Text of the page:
Acid rain and climate change issue in norway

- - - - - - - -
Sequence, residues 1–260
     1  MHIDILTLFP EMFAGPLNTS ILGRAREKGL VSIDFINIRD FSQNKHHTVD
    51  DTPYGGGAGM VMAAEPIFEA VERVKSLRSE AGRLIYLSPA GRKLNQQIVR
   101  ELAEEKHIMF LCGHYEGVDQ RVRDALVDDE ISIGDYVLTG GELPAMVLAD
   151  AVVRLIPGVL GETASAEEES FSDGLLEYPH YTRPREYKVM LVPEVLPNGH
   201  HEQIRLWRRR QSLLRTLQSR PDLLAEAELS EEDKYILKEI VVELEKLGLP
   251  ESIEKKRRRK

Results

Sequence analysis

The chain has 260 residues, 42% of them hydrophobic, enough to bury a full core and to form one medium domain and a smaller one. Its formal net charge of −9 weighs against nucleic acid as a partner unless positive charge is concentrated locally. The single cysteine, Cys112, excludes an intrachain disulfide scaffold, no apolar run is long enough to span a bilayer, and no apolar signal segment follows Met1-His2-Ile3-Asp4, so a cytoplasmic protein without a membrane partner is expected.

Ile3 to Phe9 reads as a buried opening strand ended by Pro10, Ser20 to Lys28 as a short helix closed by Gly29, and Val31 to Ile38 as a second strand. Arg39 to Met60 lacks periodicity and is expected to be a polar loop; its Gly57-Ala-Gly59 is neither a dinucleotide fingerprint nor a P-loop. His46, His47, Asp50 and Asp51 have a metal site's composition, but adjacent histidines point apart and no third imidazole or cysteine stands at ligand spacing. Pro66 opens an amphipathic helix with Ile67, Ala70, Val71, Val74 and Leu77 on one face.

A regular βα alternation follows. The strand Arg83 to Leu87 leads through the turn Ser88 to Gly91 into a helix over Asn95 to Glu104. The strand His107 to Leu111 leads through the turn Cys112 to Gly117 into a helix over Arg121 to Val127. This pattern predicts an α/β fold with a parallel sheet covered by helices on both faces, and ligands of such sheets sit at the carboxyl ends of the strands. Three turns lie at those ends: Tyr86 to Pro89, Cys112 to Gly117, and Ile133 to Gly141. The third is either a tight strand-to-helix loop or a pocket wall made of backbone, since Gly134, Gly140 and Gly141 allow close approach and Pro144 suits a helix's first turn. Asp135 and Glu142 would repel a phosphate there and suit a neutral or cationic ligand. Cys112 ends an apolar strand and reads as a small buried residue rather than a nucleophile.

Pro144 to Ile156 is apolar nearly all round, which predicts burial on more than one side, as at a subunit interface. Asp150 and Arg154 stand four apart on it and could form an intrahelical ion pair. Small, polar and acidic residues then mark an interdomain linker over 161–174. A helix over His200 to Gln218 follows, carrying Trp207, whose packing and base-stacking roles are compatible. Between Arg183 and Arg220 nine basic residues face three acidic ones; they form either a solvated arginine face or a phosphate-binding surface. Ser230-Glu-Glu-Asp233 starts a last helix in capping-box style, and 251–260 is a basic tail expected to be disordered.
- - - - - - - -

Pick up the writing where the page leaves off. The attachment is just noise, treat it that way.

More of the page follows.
Acid rain is one of the most serious environmental problems that was facing of Norway. It is a form of air pollution that caused by the individual activity. Much of Norway's acid rain stems from sulfur dioxide emissions originating mainly in the United Kingdom. Acid rain has damaged many of Norway's forests and waterways. Because the country's surface water and soils are especially susceptible to acidification, many Norwegian lakes can no longer support fish. This is a serious concern because fish are one of Norway's primary food resources and a major export. The Norwegian government has shown commitment to improving environmental health and conservation, and many of the nation's most pristine lands are protected in parks and reserves. Norway is party to international treaties concerning air pollution, biodiversity, climate change, endangered species, hazardous wastes, marine dumping, ship pollution, and wetlands. Biodiversity also is under pressure in Norway as well as other parts of the world. Major environmental pressures in Norway in the years to come are likely to include a continued trend towards urbanisation, increased energy demand, and an increase in the rate of climate change.